Should I buy a house now or wait?

Buy now or wait? That’s the question prospective homeowners struggle to answer in today’s hot housing market. Many potential buyers have leaned toward the “wait” side of this equation. In fact, about 75% of consumers think now is a bad time to buy a home, according to Fannie Mae’s Home Purchase Sentiment Index, a monthly survey that gauges consumer sentiment about the housing market.

There is no doubt that this is currently a seller’s market. But buying now can still be a wise long-term decision. Deciding which option is best for you depends on finances. Here are some key considerations to help you choose the best approach.

Should I buy a house now?

If you buy now, you can start building capital immediately. This is true regardless of the trend in the real estate market at the time. A key point for today’s market, however, is that buying now means avoiding further mortgage rate hikes later.

“If a buyer finds a property they’d like to live in, they shouldn’t delay,” says Stacey Froelich, broker at Compass in New York. “You can’t time the market, and a house has to be a long-term investment. A year from now, even if prices drop slightly, mortgage rates will likely be much higher. Ultimately, it will cost a buyer more per month if they finance.

Rising rates can mean serious problems for your monthly budget. Consider this calculation from Heather Brown, agent at RE/MAX Austin Skyline in Texas. “Based on a loan amount of $450,000, the difference between a 4% rate and a 5% rate is about a 13% higher payment,” she says. “Not only that, but the amount of interest paid over the life of the loan is also higher, so the payoff is actually higher.”

In general, if you can answer yes to these three questions, it’s time to buy.

1. Do you have excellent credit?

Whenever you borrow money, start by reviewing your credit report and credit score. The best mortgage deals will be available to those with credit scores of 740 and above. If you have demonstrated that you are a low-risk borrower with a history of on-time payments, you will be in line for the lowest mortgage rates offered by a lender.

2. Have you saved enough for a down payment?

Besides paying your bills on time, have you also managed to save a good amount of money? If you’re sitting on a big chunk of cash that can make a big dent in your down payment, now’s a good time to buy. Make sure you have enough left over though. Lenders feel more comfortable lending you money if you have extra cash reserves that provide a cushion if something unexpected happens.

3. Do you plan to stay in the house for a while?

In addition to the purchase price, buying a house comes with closing costs that can represent between 2 and 6% of the price of the property. So to justify the transaction costs, it’s wise to be reasonably certain that you won’t be moving anytime soon or that you’ll be financially stable enough to keep the property and rent it out.

Should I wait for prices to drop to buy a house?

If you want to become a homeowner but wait for prices to cool down, here’s the challenge: house prices don’t tend to fall (with the notable exception of the 2008 housing bubble). However, the good news is that house prices also cannot skyrocket forever. Here are two cases in which it might make more sense to wait until the end of the market:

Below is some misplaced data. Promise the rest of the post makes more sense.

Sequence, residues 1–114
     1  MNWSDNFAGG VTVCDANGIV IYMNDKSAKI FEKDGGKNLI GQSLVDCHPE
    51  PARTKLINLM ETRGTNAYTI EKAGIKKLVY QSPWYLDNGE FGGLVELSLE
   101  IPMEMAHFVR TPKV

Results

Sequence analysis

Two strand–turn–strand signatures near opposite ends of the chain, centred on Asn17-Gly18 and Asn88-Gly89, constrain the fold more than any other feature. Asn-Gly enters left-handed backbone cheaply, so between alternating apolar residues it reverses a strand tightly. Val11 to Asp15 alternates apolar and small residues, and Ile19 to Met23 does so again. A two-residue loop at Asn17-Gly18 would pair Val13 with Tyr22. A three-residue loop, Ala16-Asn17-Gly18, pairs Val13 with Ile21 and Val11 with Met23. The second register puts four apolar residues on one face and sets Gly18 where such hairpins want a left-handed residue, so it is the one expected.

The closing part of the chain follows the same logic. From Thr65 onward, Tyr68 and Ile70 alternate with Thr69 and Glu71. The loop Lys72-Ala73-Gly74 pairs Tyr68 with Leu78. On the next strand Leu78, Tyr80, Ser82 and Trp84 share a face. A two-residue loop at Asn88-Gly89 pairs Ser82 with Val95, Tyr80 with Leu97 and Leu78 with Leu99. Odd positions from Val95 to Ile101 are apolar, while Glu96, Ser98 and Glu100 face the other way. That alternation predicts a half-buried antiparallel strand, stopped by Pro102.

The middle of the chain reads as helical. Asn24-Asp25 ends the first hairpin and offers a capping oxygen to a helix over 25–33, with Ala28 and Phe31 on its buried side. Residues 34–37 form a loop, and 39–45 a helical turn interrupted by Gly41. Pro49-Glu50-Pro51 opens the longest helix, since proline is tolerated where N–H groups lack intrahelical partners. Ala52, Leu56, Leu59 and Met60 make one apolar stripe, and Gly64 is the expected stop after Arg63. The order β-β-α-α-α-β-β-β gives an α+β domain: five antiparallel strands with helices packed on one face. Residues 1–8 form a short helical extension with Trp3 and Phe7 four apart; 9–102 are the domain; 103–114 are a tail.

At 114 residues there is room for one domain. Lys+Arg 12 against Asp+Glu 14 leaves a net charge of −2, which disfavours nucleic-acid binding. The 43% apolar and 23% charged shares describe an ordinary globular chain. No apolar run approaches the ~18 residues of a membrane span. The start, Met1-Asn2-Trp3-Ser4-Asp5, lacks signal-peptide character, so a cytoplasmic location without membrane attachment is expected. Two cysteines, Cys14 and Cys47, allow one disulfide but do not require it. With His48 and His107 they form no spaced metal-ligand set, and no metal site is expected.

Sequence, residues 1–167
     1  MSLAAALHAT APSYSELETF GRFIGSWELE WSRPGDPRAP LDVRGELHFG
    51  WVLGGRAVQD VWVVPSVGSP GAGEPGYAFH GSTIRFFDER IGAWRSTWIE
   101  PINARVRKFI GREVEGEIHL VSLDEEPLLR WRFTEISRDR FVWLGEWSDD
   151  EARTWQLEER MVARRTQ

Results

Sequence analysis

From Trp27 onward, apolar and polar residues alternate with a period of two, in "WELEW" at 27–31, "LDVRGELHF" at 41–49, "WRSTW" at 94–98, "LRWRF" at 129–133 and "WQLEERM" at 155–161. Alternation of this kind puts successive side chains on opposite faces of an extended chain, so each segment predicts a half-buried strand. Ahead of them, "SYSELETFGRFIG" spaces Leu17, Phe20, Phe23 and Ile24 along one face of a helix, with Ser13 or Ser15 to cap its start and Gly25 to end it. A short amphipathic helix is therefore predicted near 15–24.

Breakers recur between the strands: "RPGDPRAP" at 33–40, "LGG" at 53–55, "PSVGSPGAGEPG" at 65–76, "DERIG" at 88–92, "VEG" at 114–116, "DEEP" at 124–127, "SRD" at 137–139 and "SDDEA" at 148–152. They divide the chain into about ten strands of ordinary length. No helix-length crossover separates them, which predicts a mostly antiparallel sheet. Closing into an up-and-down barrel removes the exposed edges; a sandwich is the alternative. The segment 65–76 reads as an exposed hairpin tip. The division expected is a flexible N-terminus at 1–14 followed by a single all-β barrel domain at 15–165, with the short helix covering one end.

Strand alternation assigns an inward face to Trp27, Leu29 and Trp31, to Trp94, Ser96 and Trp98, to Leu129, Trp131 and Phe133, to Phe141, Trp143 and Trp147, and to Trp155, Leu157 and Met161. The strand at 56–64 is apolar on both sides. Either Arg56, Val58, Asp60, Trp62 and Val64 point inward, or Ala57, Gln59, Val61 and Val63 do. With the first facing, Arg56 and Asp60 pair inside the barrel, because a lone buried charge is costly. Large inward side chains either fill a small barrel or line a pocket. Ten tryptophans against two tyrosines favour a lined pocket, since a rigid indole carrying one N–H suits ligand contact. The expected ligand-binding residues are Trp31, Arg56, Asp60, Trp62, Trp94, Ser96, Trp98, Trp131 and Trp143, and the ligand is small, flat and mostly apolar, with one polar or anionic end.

1. If inventory in your area is up

If there is no shortage of homes for sale in the market you are looking for, waiting can save you money. “Prices are likely to stabilize or decline slightly now that interest rates are rising,” Froelich says.

But waiting can be a lost game in places where accommodation is severely limited. “However, that’s only if stocks go up,” Froelich continues. “Inventories are at rock bottom, and without an increase in supply, it’s hard to see how prices will go down.”

Brown agrees: “We just don’t have enough houses. Buyers with tight budgets who wait will eventually be shut out of the Austin market.

2. If your personal finances are less than stellar

The main reason to wait is if your current financial situation is not ideal. For example, if you’re expecting a large commission check, inheritance, or other windfall that would make a big difference to your down payment, it makes sense to wait for it to arrive. And if your credit score needs some love, waiting is also smart. Take the time to pay off your credit cards and improve your credit so you qualify for better loan terms.

Take a close look at your local market

Deciding whether you should buy a home now or wait ultimately comes down to where you want to call home. Regardless of national headlines, real estate is hyper-localized and can vary widely from market to market.

Consider this data from Redfin: In Naperville, Illinois, a suburb of Chicago, the median sale price of a home has increased by a relatively modest 8.2% over the past year, and the typical home stays on the market for 42 days. But in Lakewood, Colorado, a suburb of Denver, home prices have risen 29.1% over the past year, and the typical home stays on the market for just four days.

Work with an expert agent

In today’s market, it’s more important than ever to find a real estate agent who can help you navigate the process. “The right broker will be aware of inventory that might come to market or a particular situation with a seller or building,” says Rachel Glazer, broker at Compass in New York.

At the end of the line

Trying to buy a home in a seller’s market can feel overwhelming, but waiting too long can also present challenges. Review your finances in detail and take the pulse of the city you hope to live in. Then, talk to an experienced local real estate agent to determine whether you should buy now or wait until the market is a little more favorable to your bank account.

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